Russell highlights relegation scrap as spark for Top 14 clubs’ success in Europe | Champions Cup

Finn Russell believes the jeopardy of relegation in the Top 14 is a key factor behind the success of the French clubs in the Champions Cup with Racing 92 one of three to reach the last four, which features no Premiership teams for the second year running.

Russell scored a remarkable try in Racing’s victory over Sale last Sunday to ensure a rematch of last season’s semi-final against La Rochelle, on Sunday, while Leinster host Toulouse, the defending champions, in the other tie on Saturday. Sale’s defeat leaves no English clubs in the reckoning in a tournament that was won by a Premiership side for four of the five seasons before the current lean spell began.

Racing’s side featured Russell, Teddy Thomas and Juan Imhoff while they were able to call on Virimi Vakatawa and the World Cup-winning prop Trevor Nyakane from the bench in a show of their strength in depth. While the salary cap in France has recently been reduced, it sits at around € 10m (£ 8.5m), significantly more than the Premiership, which has been trimmed to £ 5m. Furthermore, there will be dispensation for one marquee player to sit outside the cap, rather than two, from next season.

That has led to a number of high-profile players leaving the Premiership – Sale are losing the World Cup winners Faf de Klerk and Lood de Jager – and though the fact there is no relegation for this season, the next and possibly longer dilutes the need for such star power on a domestic front, it could be hurting the Premiership’s chances in Europe.

“The number of players we have here in France and the recruitment we do, that helps a lot,” said Russell. “In the Premiership right now, there’s no relegation. Over here, teams are scrapping to stay out of that relegation battle – scrapping to stay up, or get into the Champions Cup.

Mike Davis, the coach who guided England to a triumphant 1980 Six Nations grand slam, has died at the age of 80. Davis, who also won 16 caps for his country, was in charge of the national team for four years between 1979 and 1983 and was widely respected across the game.

England had not won a grand slam since 1957 when Davis took over as head coach for the 1979-80 season but, under the captaincy of Bill Beaumont, his side clinched a famous clean sweep with a 30-18 victory over Scotland at Murrayfield. Overall Davis’s 20 Tests in charge yielded 10 wins and three draws.

Davis played his club rugby for Torquay Athletic and Harlequins and made his international debut at lock against Wales in Cardiff in 1963. His played his final Test against Scotland in 1970 before becoming a popular, long-serving teacher at Sherborne School in Dorset.

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Grand slam winning coach Mike Davis dies aged 80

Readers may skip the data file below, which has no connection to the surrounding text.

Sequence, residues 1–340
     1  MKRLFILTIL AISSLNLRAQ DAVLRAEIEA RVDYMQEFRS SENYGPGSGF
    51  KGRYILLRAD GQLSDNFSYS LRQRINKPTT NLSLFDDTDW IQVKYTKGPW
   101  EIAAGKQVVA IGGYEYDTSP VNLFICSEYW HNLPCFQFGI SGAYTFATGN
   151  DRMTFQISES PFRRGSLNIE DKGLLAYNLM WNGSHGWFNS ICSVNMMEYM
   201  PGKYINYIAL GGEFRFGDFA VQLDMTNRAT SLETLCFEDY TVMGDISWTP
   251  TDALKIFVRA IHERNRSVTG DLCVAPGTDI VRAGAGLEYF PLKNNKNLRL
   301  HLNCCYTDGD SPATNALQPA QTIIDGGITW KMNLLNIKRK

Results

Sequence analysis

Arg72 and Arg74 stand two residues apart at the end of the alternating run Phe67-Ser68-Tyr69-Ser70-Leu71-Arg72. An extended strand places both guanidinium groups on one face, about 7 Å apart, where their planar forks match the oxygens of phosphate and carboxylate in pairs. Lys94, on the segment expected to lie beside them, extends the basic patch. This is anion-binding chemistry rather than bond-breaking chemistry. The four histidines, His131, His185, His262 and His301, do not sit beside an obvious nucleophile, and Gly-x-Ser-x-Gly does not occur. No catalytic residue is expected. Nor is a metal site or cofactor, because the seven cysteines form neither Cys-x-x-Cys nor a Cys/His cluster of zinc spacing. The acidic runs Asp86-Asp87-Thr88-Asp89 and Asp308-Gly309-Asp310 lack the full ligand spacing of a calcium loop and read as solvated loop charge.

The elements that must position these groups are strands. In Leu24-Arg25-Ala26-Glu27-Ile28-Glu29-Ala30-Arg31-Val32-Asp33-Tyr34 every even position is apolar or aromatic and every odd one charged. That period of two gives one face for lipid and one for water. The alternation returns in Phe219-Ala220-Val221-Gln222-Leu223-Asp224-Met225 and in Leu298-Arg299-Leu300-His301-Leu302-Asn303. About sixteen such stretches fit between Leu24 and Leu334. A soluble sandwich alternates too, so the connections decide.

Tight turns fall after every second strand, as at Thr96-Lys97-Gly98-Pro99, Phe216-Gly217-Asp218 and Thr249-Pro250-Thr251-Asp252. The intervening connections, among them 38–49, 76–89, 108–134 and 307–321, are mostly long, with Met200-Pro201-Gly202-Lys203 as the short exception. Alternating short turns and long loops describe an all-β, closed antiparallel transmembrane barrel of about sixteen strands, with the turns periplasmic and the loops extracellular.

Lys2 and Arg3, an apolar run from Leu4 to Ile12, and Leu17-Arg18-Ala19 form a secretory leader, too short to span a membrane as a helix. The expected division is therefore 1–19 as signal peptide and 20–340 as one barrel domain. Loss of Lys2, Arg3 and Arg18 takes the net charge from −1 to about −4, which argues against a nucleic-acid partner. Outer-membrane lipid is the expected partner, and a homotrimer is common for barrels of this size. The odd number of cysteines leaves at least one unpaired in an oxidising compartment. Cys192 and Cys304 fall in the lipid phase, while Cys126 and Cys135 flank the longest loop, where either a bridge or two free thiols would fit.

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Mike Davis, the coach who guided England to a triumphant 1980 Six Nations grand slam, has died at the age of 80. Davis, who also won 16 caps for his country, was in charge of the national team for four years between 1979 and 1983. and was widely respected across the game.

England had not won a grand slam since 1957 when Davis took over as head coach for the 1979-80 season but, under the captaincy of Bill Beaumont, his side clinched a famous clean sweep with a 30-18 victory over Scotland at Murrayfield. Overall Davis’s 20 Tests in charge yielded 10 wins and three draws.

Davis played his rugby club for Torquay Athletic and Harlequins and made his international debut at lock against Wales in Cardiff in 1963. He played his final Test against Scotland in 1970 before becoming a popular, long-serving teacher at Sherborne School in Dorset.

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“There are never any easy games. Every game, you have to play your best to win. This year, we’ve lost to Biarritz and Perpignan, who are at the bottom of the league. We lost both of them away from home.

“That just shows that whether teams are high up or low down, every game is a massive game. Every week you are playing in a must-win game because if you drop two points, it puts you in a tough position. That’s the great thing for us.

“I don’t really keep an eye on how the league is going in England. I just know that, over here, where there is relegation, teams are scrapping at the bottom because they want to stay in the Top 14. Whether they are at home or away, it makes games so much harder because teams are scrapping away to stay in the Top 14. ”

Russell also believes the success of the Top 14 sides on the continent goes hand in hand with the fortunes of the France national side, who clinched a first Six Nations grand slam in 12 years in March. “In general, French rugby is getting much better and it’s a country that loves rugby so with the clubs and the national team doing that, it gets more and more people into rugby.

“It’s different – the Top 14 compared to the Premiership or the URC. The style of rugby changes from team to team, but also from competition to competition. In the Top 14 there’s physicality, there’s flair, there’s strategy; there’s everything you want here. ”

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